First Edition of Gandhi's Towards Non-Violent Socialism

  • Towards Non-Violent Socialism.

Towards Non-Violent Socialism.

$100.00

Item Number: 59067

Ahmedabad: Navajivan Publishing House, 1951.

First edition. Octavo, original wrappers. In very good condition with a small stain to the front panel.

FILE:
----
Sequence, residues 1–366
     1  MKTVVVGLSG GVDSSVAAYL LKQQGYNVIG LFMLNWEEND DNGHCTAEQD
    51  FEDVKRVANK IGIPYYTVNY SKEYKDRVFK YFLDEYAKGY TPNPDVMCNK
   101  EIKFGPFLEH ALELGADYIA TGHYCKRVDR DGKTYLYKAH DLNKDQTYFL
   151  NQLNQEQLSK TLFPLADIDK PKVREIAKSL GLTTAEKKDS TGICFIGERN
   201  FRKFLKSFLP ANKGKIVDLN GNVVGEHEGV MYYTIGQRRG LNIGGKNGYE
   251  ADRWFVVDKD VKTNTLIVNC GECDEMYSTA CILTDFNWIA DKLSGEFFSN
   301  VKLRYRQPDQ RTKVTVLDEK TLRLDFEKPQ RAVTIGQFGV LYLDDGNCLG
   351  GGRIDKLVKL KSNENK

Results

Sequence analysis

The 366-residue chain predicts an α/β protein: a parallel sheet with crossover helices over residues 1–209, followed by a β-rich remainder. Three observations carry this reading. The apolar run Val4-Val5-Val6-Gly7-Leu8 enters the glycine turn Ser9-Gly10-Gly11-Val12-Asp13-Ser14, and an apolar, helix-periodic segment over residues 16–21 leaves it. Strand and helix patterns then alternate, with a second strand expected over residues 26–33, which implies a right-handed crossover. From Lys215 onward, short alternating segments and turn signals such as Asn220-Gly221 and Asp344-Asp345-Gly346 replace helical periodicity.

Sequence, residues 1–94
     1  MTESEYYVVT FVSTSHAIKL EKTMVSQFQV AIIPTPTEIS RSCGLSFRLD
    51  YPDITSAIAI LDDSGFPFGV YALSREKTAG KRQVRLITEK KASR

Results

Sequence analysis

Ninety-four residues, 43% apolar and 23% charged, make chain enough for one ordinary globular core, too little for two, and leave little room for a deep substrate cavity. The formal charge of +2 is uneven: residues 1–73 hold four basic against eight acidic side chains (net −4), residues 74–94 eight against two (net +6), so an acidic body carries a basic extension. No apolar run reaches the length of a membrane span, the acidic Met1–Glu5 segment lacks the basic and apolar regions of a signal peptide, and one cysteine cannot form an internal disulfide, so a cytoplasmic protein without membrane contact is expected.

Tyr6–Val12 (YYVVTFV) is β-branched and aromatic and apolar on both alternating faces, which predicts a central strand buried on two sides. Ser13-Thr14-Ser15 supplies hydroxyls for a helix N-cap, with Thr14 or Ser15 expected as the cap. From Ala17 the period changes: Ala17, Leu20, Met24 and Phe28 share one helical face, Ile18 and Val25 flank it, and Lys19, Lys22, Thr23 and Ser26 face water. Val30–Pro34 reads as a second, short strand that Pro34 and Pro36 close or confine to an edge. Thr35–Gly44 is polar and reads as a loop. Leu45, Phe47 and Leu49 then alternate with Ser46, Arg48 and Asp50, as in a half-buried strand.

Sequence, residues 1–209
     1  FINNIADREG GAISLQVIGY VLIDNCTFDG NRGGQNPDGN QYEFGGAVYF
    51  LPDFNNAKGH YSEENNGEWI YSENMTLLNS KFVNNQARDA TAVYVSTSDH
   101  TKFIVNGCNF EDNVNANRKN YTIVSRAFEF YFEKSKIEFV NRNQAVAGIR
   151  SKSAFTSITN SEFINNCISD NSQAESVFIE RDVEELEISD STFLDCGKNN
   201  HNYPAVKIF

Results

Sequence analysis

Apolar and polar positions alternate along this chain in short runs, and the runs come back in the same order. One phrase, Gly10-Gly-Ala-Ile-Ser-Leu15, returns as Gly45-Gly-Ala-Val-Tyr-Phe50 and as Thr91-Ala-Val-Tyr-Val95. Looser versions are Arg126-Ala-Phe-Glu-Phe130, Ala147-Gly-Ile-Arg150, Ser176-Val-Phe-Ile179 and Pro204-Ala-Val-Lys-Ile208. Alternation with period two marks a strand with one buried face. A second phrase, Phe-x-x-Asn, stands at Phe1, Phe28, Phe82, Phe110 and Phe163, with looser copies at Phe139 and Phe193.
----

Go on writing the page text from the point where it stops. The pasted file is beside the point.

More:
Mohandas K. Gandhi was the leader of the Indian independence movement against British rule. Employing nonviolent civil disobedience, Gandhi led India to independence and inspired movements for civil rights and freedom across the world. He is unofficially called the Father of the Nation. Gandhi's vision of an independent India based on religious pluralism, however, was challenged in the early 1940s by a new Muslim nationalism which was demanding a separate Muslim homeland carved out of India. Eventually, in August 1947, Britain granted independence, but the British Indian Empire was partitioned into two dominions, a Hindu-majority India and Muslim-majority Pakistan. As many displaced Hindus, Muslims, and Sikhs made their way to their new lands, religious violence broke out, especially in the Punjab and Bengal. Eschewing the official celebration of independence in Delhi, Gandhi visited the affected areas, attempting to provide solace. In the months following, he undertook several fasts unto death to stop religious violence. The last of these, undertaken on January 1948 when he was 78, also had the indirect goal of pressuring India to pay out some cash assets owed to Pakistan. Some Indians thought Gandhi was too accommodating. Among them was Nathuram Godse, a Hindu nationalist, who assassinated Gandhi on January 30, 1948. Gandhi's birthday, October 2, is commemorated in India as Gandhi Jayanti, a national holiday, and worldwide as the International Day of Nonviolence.

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